Bloomberg News

Visa Falls After Court Ruling on Swipe Fees: San Francisco Mover

July 31, 2013

Visa Inc. (V:US), the world’s biggest payment network, fell the most in two years after a judge ruled that the Federal Reserve had erred by inflating the debit-card fees that banks can charge retailers.

Visa fell as much as 11 percent in New York trading before dropping 5.9 percent to $180.15 at 12:43 p.m., the most since August 2011. Swipe, or interchange fees, are set by Foster City, California-based Visa and MasterCard (MA:US) Inc., which collect the money and remit it to card-issuing member banks.

U.S. District Court Judge Richard Leon in Washington ruled today that the Fed considered data it wasn’t allowed to use in setting a 21-cent cap on debit-card fees under the Dodd-Frank Act of 2010. The decision handed a victory to retailers who challenged the fees as being too high.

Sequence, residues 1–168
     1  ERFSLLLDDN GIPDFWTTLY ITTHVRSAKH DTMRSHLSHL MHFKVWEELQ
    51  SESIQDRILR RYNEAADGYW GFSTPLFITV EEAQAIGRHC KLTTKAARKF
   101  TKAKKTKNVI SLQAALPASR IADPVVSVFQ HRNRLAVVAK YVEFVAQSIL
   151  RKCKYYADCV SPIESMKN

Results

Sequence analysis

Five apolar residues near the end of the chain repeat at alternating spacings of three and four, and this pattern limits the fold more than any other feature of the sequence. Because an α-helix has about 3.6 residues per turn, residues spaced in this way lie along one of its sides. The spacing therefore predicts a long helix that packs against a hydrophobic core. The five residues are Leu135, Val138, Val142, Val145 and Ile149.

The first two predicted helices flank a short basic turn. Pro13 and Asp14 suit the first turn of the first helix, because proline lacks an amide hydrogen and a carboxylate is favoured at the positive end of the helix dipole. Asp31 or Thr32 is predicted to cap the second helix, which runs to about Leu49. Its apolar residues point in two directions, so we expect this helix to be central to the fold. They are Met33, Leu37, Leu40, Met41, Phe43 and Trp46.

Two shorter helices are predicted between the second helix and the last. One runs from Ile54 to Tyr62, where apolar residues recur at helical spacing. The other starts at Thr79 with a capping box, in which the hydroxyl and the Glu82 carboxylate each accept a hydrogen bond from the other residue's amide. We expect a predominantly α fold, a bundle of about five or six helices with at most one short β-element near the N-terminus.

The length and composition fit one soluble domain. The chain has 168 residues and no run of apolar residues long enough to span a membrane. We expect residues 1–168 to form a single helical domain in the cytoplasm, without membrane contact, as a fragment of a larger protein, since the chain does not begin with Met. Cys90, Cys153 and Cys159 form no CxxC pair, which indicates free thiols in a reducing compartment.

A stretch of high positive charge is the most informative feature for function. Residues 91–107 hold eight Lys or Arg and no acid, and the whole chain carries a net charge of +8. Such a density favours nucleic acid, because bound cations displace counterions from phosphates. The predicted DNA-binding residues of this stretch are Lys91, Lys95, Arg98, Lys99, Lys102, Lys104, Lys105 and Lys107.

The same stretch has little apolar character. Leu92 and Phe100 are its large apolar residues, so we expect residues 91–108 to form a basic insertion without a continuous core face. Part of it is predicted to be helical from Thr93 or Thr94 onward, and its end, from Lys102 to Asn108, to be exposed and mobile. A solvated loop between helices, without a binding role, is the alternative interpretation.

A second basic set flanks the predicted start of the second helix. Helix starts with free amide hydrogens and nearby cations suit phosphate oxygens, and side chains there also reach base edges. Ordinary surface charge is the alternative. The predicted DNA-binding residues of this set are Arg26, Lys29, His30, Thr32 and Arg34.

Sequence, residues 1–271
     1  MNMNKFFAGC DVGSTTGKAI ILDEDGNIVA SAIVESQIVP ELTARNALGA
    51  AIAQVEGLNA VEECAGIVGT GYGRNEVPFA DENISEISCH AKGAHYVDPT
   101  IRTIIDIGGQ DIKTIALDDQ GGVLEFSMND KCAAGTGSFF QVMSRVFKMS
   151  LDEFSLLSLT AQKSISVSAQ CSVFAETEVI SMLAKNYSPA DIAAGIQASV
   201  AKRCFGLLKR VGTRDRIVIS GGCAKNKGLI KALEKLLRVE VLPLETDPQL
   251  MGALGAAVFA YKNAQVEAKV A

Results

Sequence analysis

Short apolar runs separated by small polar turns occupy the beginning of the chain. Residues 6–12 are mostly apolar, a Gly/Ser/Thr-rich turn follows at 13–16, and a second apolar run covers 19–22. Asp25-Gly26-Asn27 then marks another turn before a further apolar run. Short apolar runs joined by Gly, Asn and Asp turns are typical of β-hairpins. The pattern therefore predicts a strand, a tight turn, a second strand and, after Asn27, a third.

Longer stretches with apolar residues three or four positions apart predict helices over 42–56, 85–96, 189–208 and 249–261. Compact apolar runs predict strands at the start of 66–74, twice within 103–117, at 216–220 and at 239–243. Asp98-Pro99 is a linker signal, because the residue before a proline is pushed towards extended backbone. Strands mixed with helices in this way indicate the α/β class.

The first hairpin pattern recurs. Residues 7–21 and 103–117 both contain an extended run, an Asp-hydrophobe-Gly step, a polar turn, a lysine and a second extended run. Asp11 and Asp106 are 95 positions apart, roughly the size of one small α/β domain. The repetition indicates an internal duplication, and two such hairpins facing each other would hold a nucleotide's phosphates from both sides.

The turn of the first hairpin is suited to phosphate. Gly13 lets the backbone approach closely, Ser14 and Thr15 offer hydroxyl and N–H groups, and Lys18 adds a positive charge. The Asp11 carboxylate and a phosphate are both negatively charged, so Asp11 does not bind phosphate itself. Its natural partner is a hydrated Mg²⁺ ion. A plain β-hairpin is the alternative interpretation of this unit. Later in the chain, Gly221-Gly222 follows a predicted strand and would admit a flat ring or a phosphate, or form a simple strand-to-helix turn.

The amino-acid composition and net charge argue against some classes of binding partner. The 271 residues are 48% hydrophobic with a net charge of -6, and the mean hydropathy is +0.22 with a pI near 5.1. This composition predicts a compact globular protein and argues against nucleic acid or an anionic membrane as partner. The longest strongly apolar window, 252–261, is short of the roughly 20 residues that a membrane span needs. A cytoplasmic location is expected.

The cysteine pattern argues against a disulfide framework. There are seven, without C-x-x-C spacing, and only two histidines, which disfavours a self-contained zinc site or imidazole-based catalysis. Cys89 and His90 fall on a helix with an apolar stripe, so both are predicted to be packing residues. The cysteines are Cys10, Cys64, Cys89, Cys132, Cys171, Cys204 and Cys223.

MasterCard, the second-biggest U.S. network, slid as much as 5.7 percent before falling 0.2 percent to $600.38.

To contact the reporter on this story: Donal Griffin in New York at

To contact the editors responsible for this story: Christine Harper at; David Scheer at

The Aging of Abercrombie & Fitch

Companies Mentioned

  • V
    (Visa Inc)
    • $256.76 USD
    • -1.53
    • -0.6%
  • MA
    (MasterCard Inc)
    • $83.25 USD
    • -1.14
    • -1.37%
Market data is delayed at least 15 minutes.
blog comments powered by Disqus